12:39 of course I could just parse the forms myself...

12:39 Chouser: when c-in-c is done... :-)

12:39 ericthorsen: lol

12:48 ZabaQ: wow. busy channel. I thought there'd be 4 people here, tops..

13:13 drewr: Dang, no props for Chouser in the error-kit writeup.

13:14 rhickey: ericthorsen: no, only is you use the metadata form

13:14 if

13:14 not with the conditions as map following arglist

13:17 ericthorsen: rhickey: got it so: (defn foo #^ {:pre [(even? x) (odd? y)]} [x y] (+ x y))

13:17 gets me there (with the scary syntax)

13:17 rhickey: user=> (defn foo #^{:pre [(even? x) (odd? y)]} [x y] (+ x y))

13:17 #'user/foo

13:17 user=> (map meta (-> #'foo meta :arglists))

13:17 ({:pre [(even? x) (odd? y)]})

13:18 ericthorsen: rhickey: that works. I should have thought to try that

13:18 rhickey: np, I still haven't decided how best to convey with map following arglist, but planned

13:18 ericthorsen: rhickey: I liked your more elegant syntax and was hoping to have it all :)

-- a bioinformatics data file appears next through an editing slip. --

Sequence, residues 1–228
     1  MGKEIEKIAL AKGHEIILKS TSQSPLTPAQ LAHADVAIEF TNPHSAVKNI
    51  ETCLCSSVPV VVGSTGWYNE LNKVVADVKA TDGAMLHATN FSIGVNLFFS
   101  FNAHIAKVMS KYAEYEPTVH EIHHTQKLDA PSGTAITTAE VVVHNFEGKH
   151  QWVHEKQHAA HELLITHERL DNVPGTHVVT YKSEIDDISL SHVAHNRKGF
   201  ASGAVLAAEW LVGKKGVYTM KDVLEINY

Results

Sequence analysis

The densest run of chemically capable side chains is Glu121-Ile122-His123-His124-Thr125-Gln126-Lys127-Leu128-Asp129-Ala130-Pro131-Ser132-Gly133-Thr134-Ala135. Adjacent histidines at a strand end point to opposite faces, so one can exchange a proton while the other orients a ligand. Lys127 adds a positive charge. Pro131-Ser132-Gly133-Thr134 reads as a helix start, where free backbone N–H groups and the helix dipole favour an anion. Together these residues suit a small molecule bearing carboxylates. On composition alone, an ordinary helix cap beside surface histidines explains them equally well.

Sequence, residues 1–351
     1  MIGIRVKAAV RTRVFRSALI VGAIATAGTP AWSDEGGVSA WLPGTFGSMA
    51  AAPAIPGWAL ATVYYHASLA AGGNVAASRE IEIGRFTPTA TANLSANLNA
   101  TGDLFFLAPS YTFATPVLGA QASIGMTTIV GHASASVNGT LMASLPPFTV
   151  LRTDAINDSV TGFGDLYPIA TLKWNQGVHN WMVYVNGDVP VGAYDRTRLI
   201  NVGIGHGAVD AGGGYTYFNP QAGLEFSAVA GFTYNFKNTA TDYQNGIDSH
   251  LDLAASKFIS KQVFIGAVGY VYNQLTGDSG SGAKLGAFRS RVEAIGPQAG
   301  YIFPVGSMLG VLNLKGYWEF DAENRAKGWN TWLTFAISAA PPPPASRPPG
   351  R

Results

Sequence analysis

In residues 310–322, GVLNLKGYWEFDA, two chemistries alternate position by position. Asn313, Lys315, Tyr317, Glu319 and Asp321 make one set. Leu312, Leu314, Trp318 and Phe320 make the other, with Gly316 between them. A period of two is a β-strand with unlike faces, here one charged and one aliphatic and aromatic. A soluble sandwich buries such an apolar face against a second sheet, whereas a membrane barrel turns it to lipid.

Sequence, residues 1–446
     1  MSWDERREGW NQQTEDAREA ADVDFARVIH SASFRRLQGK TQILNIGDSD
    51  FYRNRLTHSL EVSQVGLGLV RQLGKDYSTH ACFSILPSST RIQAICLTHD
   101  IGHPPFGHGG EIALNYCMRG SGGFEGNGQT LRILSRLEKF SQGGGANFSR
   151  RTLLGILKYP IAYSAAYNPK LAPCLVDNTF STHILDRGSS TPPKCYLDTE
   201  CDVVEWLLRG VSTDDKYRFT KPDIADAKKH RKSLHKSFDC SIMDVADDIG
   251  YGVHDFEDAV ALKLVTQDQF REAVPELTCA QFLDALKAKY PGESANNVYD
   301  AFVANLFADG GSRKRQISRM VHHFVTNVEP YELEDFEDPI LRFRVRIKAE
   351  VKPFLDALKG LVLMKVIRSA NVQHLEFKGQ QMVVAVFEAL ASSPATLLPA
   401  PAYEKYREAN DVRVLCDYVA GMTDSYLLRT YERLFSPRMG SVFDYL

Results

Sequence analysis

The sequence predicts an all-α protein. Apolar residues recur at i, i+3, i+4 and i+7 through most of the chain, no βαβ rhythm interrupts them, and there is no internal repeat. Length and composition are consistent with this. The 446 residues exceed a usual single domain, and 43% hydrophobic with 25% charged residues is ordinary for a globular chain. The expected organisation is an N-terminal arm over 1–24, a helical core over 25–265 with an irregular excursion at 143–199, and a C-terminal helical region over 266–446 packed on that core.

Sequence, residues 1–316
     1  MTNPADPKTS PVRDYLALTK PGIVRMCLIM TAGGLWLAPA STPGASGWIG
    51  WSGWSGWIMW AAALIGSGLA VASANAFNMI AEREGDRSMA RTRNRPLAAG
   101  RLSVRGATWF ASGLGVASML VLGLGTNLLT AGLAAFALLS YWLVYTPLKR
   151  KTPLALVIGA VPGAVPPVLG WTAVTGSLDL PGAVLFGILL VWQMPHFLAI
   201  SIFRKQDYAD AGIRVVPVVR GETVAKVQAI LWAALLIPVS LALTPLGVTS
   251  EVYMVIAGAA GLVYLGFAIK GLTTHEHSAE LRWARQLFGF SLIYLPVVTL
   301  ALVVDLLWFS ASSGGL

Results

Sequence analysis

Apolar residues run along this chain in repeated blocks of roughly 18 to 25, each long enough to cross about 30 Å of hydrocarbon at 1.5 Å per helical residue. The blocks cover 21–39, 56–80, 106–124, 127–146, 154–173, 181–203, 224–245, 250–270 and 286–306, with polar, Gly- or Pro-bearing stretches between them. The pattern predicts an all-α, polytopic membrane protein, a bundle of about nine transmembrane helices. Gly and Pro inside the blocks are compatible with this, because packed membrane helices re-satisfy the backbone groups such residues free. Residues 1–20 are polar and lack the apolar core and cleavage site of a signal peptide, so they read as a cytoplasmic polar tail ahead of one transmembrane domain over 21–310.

13:18 rhickey: sounds good

13:31 drewr: Chouser: I think I like continue-bind better than bind-continue. Seems more consistent.

13:42 rhickey: drewr: weird, yes, no props for Chouser :(

14:09 ericthorsen: now propagates to arglist metadata: http://github.com/richhickey/clojure/commits/master

14:14 Chouser: heh, I had to read that a couple times before realizing rhickey was not actually denying me props because I used the name bind-continue

14:16 drewr: All the names in error-kit felt awkward to me.

14:16 * rhickey might still

14:16 rhickey: :)

14:16 Chouser: rhickey: nah, you're just denying me props for writing error-kit at all.

14:17 drewr: the idea with bind-continue was that it's almost like (binding [continue...

14:18 and also that continue* is for invoking a continue-like thing, so *continue give a vaguely transitive feel for creating one in the first place.

14:19 ...thought really, I'd prefer some entirely new word to use instead of "continue" error-kit ends up using it as a noun, which it just isn'.

14:20 Chousuke: restart?

14:21 hmm, that's ambiguous too

14:21 Chouser: the noun form of continue is of course continuation, but that means something else entirely.